The result achieved with HFD method is not directly comparable to studies in depression EEG reported by other authors [20, 21]. The authors reported only the results of classification of EEG in depression by genetic algorithm . HFD calculations were used only as an input to classification technique, and information about HFD values themselves was not provided . In another study, Ahmadlou et al. calculated HFD only in frontal area and revealed significant difference between depressive and control groups only in EEG beta and gamma bands . The HFD is known to be sensitive to noise and frequency band . Therefore, the results of studies performed on signals of different frequency bands are not comparable. Our results can be most likely compared to full-band EEG results in the study by Ahmadlou et al., where discrimination between depressive and control group was also not successful in the frontal area. Unfortunately, Ahmadlou et al. did not consider HFD in the parietooccipital area, where the best discrimination occurred in this study.
The SASI method revealed significant difference between depression and normal EEG in all EEG channels (Table 1), whereas the HFD method detected significant difference in temporal, parietal, and occipital channels (Table 2). The SASI appears also less sensitive in frontal area (Figure 3, Table 1). The reason of lower sensitivity of the methods in frontal area is most probably related to higher variability of the frontal EEG. The elevated variability of the frontal signals behaves as an additional noise. Higuchi’s algorithm is known to be sensitive to the noise level . Therefore, HFD method, as more sensitive to noise loses its sensitivity in frontal EEG channels. The sensitivity of SASI method, as a more simple and robust approach, appears to be not so strongly affected by the noise. On the other hand, in the parietal area where the signals are more stable, the HFD method demonstrated better discrimination (Table 2) compared to SASI (Table 1).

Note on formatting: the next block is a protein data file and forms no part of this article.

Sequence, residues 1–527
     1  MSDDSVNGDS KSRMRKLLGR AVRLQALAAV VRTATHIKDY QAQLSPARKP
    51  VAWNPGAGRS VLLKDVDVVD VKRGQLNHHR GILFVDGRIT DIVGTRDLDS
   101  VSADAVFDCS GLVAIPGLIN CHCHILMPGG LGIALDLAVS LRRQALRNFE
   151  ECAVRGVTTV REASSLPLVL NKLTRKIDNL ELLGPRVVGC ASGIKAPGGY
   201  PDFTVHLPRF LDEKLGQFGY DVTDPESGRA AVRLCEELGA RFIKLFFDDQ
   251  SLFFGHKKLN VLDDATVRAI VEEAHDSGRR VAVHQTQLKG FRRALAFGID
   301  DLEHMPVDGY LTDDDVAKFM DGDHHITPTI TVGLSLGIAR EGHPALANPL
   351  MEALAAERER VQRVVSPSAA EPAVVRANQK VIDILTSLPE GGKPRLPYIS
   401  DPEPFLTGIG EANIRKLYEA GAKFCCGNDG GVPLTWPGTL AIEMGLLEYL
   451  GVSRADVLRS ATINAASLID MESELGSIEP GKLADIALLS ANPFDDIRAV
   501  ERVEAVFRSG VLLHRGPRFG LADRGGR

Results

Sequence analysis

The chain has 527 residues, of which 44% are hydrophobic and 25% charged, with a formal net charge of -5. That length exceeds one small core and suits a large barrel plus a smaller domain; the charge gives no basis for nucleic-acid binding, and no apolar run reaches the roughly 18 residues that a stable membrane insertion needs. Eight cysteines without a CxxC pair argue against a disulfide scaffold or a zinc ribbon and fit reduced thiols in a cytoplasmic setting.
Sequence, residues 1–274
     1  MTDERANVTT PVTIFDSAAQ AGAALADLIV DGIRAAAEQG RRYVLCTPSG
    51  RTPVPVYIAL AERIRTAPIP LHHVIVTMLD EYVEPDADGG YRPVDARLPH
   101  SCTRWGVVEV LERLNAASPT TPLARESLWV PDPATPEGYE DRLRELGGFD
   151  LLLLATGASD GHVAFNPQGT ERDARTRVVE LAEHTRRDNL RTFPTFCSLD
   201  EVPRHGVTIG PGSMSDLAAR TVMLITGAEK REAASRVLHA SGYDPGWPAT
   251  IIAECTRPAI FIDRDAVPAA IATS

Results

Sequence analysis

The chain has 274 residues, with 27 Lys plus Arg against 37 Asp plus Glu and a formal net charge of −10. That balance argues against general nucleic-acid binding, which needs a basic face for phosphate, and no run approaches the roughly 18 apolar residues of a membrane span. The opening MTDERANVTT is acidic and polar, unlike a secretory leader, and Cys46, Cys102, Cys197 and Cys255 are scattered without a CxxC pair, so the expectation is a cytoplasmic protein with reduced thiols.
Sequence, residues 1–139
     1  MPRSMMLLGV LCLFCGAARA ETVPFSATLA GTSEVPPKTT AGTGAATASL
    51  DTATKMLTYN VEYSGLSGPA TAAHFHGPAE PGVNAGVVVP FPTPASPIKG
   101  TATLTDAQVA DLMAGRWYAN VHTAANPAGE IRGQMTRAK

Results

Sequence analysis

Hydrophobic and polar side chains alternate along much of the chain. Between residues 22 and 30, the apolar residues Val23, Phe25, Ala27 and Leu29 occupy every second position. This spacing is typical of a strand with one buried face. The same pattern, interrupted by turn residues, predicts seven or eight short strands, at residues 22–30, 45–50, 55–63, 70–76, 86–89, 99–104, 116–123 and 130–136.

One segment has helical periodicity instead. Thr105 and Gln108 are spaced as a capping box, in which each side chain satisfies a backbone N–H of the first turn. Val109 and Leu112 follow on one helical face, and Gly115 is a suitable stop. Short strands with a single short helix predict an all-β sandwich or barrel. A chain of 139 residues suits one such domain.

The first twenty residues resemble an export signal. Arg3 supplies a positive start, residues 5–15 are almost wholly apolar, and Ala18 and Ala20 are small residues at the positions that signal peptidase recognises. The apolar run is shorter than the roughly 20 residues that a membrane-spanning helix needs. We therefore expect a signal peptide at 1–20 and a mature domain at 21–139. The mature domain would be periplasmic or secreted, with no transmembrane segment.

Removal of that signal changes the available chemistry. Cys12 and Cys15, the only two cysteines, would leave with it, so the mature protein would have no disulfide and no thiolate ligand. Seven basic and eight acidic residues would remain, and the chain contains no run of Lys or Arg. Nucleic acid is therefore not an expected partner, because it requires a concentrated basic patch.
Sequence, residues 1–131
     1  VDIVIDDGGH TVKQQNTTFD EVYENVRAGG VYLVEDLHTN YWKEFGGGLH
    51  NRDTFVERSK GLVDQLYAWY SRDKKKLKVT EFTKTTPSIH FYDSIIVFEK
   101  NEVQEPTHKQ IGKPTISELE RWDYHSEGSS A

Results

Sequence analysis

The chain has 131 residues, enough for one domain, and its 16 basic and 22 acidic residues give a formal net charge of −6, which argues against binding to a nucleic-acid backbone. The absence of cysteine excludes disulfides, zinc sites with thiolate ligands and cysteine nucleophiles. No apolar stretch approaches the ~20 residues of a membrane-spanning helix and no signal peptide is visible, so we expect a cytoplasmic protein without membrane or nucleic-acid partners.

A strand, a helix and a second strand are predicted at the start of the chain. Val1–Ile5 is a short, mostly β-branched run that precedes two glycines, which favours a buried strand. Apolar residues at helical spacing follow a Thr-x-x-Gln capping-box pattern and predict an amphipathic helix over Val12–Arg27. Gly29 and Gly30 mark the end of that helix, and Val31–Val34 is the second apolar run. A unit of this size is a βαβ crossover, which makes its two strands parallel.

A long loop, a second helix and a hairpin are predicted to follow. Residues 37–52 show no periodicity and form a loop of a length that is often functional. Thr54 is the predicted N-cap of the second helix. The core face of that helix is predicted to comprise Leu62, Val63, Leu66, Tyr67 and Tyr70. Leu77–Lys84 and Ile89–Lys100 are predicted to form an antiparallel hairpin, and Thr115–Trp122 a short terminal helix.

Both methods, the SASI and HFD, have some common features in detecting depression. First, the methods discriminate depression most effectively in parietal brain area. Second, the methods do not indicate statistically significant difference in hemispheres’ asymmetry between depressive and control groups, as neither of the methods depends on absolute level of the EEG signal. For that reason, the undiscovered interhemispheric asymmetry using SASI and HFD methods does not contradict possible interhemispheric asymmetry of EEG power discovered using other EEG analysis methods.